Anti-aging drug maker Unity Biotechnology to axe half its staff, focus on wet AMD, other eye disease program – San Francisco Business Times – San Francisco Business Times

 –  Senior Reporter, San Francisco Business Times

Feb 3, 2022

As new companies continue to pop into the anti-aging field, a pioneer is revising its strategy.

Eleven-year-old Unity Biotechnology Inc. (NASDAQ: UBX) will cut about half of its workforce by the middle of the year and focus on a drug in two mid-stage clinical trials in blinding eye diseases. The job cuts will reduce the South San Francisco company’s number of full-time employees to 34 and extend the company’s cash into first-quarter 2023, after it gets two data back from its two ongoing eye disease studies.

As the baby boom generation ages, companies promising to make old age healthier and less physically painful have sprung up over the past decade, especially in the Bay Area. The field got its big lift as Google invested in Calico Labs, a South San Francisco company helmed by onetime Genentech Inc. CEO Art Levinson.

More recently, Inc. founder Jeff Bezos and early Facebook investor Yuri Milner have backed Altos Labs, which is building out a Redwood City hub to reverse disease at the cellular level.

One of Unity’s earliest funders, ARCH Venture Partners, also invested in Altos Labs.

In concentrating on wet age-related macular degeneration and diabetic macular edema, Unity is staying true to its original science, spun out of research from a team that included Judy Campisi, a senior scientist at Lawrence Berkeley National Laboratory and a professor at the Buck Institute for Research on Aging in Novato.

Campisi, Mayo Clinic professor Jan van Deursen and University of Florida professor Dr. Daohong Zhou focused their research on “senescence,” where dormant or dying cells release chemicals that lead to inflammation involved in some aging-related diseases. With the help of serial entrepreneur Nataniel “Ned” David, Unity’s scientific founders initially focused on a drug that would clear out senescent cells for patients with moderate to severe osteoarthritis in the knee.

But UBX-0101, as the drug was called, in summer 2020 failed a mid-stage clinic trial that looked at knee pain, and David left the company by the end of the year.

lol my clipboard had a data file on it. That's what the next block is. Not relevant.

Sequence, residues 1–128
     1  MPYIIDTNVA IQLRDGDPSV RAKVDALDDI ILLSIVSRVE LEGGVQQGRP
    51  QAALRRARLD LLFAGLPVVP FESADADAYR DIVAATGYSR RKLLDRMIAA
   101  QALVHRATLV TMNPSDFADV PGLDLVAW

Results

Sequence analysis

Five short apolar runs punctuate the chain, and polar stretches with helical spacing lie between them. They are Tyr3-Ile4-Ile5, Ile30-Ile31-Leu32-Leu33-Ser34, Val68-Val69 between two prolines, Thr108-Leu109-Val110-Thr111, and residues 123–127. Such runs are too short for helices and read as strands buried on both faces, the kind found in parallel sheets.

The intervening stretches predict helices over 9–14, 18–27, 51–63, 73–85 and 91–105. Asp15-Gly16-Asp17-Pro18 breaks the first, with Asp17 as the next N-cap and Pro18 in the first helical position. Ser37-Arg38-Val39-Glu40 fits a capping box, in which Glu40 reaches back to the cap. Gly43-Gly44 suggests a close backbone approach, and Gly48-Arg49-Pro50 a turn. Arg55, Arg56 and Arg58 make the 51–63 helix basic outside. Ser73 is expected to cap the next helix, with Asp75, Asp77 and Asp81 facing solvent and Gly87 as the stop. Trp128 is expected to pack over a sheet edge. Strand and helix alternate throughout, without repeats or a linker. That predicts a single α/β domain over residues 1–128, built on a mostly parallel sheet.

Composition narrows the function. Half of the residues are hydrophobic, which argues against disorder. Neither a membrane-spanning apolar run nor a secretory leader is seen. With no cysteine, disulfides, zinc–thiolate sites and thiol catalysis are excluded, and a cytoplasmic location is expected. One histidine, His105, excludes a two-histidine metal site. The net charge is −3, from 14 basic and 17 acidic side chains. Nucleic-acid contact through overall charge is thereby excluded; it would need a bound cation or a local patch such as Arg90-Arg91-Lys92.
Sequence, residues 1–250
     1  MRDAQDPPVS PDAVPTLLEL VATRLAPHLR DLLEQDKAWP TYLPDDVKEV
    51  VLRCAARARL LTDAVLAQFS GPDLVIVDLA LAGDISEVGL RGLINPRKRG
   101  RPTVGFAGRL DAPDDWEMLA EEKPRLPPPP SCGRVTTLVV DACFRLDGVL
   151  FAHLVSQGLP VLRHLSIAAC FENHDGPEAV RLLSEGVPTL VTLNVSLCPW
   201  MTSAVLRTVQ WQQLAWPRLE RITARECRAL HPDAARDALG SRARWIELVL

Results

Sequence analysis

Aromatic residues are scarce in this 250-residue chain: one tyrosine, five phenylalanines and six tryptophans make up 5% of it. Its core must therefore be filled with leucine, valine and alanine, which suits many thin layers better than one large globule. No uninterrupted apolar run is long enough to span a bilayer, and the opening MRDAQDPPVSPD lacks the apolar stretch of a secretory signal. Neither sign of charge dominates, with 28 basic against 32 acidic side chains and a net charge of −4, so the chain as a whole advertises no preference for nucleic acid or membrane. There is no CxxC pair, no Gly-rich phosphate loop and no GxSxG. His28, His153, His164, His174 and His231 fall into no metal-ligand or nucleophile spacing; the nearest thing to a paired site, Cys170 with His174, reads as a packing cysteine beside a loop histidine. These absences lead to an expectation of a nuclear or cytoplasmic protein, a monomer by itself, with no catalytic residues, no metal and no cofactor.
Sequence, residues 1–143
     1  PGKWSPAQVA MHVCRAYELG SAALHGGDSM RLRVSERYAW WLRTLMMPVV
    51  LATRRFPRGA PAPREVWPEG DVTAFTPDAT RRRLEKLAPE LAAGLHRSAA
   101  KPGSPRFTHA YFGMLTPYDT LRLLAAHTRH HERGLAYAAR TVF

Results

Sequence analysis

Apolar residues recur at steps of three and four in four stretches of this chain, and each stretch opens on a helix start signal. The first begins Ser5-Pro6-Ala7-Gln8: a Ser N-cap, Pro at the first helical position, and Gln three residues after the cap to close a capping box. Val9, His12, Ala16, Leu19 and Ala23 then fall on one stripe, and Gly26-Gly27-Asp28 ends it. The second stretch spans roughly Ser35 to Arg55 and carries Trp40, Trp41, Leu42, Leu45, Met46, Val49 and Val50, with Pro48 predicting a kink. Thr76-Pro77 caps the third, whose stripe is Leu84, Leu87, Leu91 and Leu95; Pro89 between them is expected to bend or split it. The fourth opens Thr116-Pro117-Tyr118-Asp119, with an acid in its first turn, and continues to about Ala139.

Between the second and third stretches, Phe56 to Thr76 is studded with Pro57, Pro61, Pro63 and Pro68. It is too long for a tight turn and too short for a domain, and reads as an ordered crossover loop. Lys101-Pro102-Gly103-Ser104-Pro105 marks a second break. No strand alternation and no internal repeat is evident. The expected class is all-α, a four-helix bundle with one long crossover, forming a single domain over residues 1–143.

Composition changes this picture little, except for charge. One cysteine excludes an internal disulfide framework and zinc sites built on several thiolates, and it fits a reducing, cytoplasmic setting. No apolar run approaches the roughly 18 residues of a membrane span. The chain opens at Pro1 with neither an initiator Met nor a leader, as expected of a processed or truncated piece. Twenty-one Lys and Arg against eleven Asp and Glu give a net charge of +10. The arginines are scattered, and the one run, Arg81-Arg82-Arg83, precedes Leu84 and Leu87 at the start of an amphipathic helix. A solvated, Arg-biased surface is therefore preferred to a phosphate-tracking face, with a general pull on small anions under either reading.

Unity isn’t giving up. UBX-1325 stays with the idea of cellular senescence, aiming to block a protein that senescent cells appear to rely on for survival. The small molecule drug is in a Phase IIa safety and efficacy in diabetic macular edema, a potentially blinding eye disease, and a Phase II study in wet age-related macular degeneration, where uncontrolled growth of blood vessels behind the eye block vision.

Data from those studies is expected by the end of the year, while the company said results from a third study of UBX-1325 in wet AMD patients from that program’s early-stage clinical trial will produce data in the first half of this year.

“It was a difficult but prudent decision to align our resources around our ophthalmology programs and I believe this sharpened focus will propel us forward to key milestones, including Phase II data inflection points this year,” said Unity CEO Anirvan Ghosh, the onetime head of research and early development at Biogen Inc. who joined Unity in March 2020.

At the same time, Unity is shedding some of the staff that got the company to this point. Its restructuring program will cost about $1.8 million this year, mainly due to one-time employee benefits and severance charges.

The company didn’t estimate how much cash it had on hand, but it previously said it had cash, equivalents and marketable securities as of Sept. 30 of $88.5 million and an accumulated deficit of $389.3 million.

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